It’s a rare reversal when our cousins from across the pond are lagging behind the UK for internet start-ups ideas, but news provider CNBC today claimed the time is ripe for combining crowdfunding with real estate.

With over a year delivering a robust proposition based exactly on this premise, The House Crowd naturally agrees, especially with the CNBC journalist’s salient point that real estate finance has conventionally been confined to high earners and private equity firms.

A founding motto for The House Crowd is delivering great returns from property for the many rather than than the few.

And, it looks like other U.S. start-ups are being similarly inspired to democratise real estate investment now that restrictions on developers marketing projects to the public have been lifted.

But, there is a caveat for such Stateside enterprises. They can only market prospective developments to ‘accredited investors’ whose net worth is $1m or income of $200,000, so not quite the opportunity for the many as found with The House Crowd, and the focus with the cited start-ups is on development of real estate from scratch.

Low Investment Threshold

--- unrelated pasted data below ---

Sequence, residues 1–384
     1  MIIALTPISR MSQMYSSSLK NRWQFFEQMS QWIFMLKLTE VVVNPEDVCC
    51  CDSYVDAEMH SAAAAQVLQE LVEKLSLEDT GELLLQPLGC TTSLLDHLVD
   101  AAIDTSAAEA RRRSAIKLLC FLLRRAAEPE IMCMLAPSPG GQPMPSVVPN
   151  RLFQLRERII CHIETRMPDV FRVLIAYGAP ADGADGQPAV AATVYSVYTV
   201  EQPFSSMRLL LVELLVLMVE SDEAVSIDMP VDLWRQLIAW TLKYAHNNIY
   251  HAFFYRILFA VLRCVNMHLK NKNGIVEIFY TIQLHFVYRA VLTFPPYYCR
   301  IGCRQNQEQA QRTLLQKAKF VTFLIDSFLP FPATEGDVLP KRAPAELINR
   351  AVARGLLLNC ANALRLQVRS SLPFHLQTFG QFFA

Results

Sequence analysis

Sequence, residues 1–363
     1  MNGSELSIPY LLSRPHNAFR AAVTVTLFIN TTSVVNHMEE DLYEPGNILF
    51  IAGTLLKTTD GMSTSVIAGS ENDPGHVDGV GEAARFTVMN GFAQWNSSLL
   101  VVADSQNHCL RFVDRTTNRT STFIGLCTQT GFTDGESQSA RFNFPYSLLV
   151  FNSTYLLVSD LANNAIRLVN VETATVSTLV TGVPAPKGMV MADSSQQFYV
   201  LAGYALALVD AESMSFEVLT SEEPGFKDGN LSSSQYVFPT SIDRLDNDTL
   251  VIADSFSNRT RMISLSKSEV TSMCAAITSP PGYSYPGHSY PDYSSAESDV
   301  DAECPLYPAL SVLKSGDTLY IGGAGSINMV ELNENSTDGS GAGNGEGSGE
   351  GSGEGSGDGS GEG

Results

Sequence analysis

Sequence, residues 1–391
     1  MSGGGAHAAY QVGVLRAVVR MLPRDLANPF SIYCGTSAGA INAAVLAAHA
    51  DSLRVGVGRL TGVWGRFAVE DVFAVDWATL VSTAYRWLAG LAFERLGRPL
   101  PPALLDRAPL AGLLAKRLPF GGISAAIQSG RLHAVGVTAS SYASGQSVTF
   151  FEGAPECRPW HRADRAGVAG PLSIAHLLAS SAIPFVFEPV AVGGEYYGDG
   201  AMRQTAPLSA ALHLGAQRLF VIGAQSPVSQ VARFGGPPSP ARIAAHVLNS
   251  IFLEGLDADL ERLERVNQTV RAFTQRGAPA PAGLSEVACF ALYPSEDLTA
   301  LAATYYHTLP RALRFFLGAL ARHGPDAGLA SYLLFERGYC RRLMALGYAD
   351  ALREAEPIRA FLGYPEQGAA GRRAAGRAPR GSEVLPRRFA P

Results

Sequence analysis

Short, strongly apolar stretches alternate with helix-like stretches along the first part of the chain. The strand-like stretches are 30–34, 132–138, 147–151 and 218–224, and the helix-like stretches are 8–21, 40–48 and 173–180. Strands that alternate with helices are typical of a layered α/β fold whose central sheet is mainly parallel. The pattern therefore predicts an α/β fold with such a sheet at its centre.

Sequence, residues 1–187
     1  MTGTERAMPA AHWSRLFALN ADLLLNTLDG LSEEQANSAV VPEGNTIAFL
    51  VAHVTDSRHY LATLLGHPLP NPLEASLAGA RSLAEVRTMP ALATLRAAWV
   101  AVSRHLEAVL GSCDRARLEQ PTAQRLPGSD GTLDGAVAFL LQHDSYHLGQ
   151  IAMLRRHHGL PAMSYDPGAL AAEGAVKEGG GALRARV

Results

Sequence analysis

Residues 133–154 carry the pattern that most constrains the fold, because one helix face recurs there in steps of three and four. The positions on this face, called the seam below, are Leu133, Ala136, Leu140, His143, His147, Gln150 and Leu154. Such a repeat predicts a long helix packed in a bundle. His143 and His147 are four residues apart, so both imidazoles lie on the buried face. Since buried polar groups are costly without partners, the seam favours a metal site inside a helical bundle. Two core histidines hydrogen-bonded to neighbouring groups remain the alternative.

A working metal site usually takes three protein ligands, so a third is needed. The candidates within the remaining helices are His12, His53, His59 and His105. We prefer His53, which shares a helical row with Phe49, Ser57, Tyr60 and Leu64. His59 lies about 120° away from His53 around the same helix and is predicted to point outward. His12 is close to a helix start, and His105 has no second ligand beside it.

The article mentions Fundrise, who seek crowdfunding to develop real estate.
Like The House Crowd, it allows investors to invest in property with hitherto unimaginable low levels of capital, namely $1000; it seeks investment from a web platform; and investors own a share of the building along with returns from rent dividends and appreciation.

Another cited start-up, matching property development to crowdfunding is the Prodigy Network which raised millions in small amounts to build a skyscraper.

Clearly, crowdfunding and property investment is an idea rapidly coming of age, and we at The House Crowd are naturally delighted to be at the forefront of this movement – and even more delighted at being able to offer such a viable vehicle for wealth accumulation to our investors.